Association between C-Reactive Protein Velocity and Left Ventricular Function in Patients with ST-Elevated Myocardial Infarction

Ariel Banai, Dana Levit, Samuel Morgan, Itamar Loewenstein, Ilan Merdler, Aviram Hochstadt, Yishay Szekely, Yan Topilsky, Shmuel Banai, Yacov Shacham

Research output: Contribution to journalArticlepeer-review

Abstract

C-reactive protein velocity (CRPv), defined as the change in wide-range CRP concentration divided by time, is an inflammatory biomarker associated with increased morbidity and mortality in patients with ST elevation myocardial infarction (STEMI) treated with primary percutaneous intervention (PCI). However, data regarding CRPv association with echocardiographic parameters assessing left ventricular systolic and diastolic function is lacking. Echocardiographic parameters and CRPv values were analyzed using a cohort of 1059 patients admitted with STEMI and treated with primary PCI. Patients were stratified into tertiles according to their CRPv. A receiver operating characteristic (ROC) curve was used to evaluate CRPv optimal cut-off values for the prediction of severe systolic and diastolic dysfunction. Patients with high CRPv tertiles had lower left ventricular ejection fraction (LVEF) (49% vs. 46% vs. 41%, respectively; p < 0.001). CRPv was found to independently predict LVEF ≤ 35% (HR 1.3 CI 95% 1.21–1.4; p < 0.001) and grade III diastolic dysfunction (HR 1.16 CI 95% 11.02–1.31; p = 0.02). CRPv exhibited a better diagnostic profile for severe systolic dysfunction as compared to CRP (area under the curve 0.734 ± 0.02 vs. 0.608 ± 0.02). In conclusion, For STEMI patients treated with primary PCI, CRPv is a marker of both systolic and diastolic dysfunction. Further larger studies are needed to support this finding.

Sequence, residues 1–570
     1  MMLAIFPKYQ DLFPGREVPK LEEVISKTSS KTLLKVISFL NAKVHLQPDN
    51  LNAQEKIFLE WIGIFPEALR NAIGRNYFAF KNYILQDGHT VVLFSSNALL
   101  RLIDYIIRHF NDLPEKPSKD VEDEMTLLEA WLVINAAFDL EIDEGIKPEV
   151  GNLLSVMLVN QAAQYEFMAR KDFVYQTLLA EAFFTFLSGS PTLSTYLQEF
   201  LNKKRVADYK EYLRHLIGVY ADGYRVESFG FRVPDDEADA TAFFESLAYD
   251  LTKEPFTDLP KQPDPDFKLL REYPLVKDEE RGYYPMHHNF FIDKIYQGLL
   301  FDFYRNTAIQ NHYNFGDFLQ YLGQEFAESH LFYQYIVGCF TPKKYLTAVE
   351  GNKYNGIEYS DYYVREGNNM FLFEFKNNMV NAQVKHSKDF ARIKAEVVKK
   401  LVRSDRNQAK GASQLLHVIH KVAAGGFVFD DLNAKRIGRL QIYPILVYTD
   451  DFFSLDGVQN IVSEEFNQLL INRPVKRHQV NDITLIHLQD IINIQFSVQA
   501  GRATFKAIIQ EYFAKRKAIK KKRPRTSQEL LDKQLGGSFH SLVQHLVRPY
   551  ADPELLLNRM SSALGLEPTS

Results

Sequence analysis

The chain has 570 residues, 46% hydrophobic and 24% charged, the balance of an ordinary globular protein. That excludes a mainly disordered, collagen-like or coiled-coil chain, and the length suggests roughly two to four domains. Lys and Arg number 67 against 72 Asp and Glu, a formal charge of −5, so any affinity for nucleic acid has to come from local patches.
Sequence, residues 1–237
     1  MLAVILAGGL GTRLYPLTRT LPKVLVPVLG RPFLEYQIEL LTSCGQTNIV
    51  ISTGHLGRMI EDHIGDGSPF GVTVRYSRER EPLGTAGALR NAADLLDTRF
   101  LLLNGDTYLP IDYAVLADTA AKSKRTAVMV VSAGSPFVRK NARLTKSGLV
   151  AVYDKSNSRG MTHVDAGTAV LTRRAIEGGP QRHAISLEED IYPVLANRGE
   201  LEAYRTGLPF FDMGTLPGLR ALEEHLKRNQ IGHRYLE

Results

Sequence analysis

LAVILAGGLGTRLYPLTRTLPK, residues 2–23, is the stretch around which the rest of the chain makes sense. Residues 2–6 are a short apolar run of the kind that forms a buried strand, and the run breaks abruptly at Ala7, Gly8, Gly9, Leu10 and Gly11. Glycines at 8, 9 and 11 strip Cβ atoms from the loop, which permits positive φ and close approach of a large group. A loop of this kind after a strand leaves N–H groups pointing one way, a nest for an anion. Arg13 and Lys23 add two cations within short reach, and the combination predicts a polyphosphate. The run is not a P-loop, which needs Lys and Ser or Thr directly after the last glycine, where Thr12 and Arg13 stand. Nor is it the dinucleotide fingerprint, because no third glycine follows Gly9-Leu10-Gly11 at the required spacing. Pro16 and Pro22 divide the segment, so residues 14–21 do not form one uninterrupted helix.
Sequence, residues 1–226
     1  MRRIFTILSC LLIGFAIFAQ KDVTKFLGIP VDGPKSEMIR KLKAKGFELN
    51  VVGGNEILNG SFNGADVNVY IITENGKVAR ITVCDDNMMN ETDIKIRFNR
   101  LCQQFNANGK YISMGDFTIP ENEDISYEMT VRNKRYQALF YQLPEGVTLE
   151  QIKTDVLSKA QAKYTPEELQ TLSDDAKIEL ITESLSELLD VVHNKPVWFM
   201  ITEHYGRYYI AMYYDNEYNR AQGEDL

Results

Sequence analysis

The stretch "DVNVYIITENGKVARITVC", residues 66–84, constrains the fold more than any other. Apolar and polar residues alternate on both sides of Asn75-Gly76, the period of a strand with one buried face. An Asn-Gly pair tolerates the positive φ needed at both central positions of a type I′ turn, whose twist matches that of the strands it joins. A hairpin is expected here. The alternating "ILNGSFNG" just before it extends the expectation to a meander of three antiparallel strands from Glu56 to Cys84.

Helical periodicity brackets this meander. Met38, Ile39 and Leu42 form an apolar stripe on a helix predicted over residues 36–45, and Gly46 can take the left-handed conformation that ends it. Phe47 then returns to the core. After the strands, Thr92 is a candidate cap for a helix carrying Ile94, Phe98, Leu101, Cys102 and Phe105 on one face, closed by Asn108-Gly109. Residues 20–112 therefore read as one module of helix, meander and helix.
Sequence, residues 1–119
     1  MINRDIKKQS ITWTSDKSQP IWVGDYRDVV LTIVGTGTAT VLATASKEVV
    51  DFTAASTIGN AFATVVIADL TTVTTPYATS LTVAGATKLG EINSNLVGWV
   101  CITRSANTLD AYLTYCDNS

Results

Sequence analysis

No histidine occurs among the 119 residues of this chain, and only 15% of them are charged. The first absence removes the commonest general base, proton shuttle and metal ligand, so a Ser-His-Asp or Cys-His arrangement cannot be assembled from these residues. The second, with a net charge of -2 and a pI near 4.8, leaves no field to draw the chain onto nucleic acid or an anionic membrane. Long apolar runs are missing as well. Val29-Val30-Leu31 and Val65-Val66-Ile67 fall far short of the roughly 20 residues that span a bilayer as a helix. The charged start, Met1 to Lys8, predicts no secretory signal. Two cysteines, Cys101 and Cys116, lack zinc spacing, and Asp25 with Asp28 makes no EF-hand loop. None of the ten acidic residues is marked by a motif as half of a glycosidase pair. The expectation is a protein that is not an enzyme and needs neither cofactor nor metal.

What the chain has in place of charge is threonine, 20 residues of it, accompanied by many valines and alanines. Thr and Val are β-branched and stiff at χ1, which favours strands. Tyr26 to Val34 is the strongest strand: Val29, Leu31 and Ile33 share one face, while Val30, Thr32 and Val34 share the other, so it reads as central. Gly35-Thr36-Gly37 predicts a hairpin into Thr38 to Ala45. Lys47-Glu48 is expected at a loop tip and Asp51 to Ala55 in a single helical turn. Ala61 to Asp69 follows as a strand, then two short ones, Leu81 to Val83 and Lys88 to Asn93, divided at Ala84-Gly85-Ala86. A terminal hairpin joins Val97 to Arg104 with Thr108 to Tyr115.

Original languageEnglish
Article number401
JournalJournal of Clinical Medicine
Volume11
Issue number2
DOIs
StatePublished - 1 Jan 2022

Keywords

  • CRP velocity
  • Diastolic dysfunction
  • STEMI
  • Systolic dysfunction

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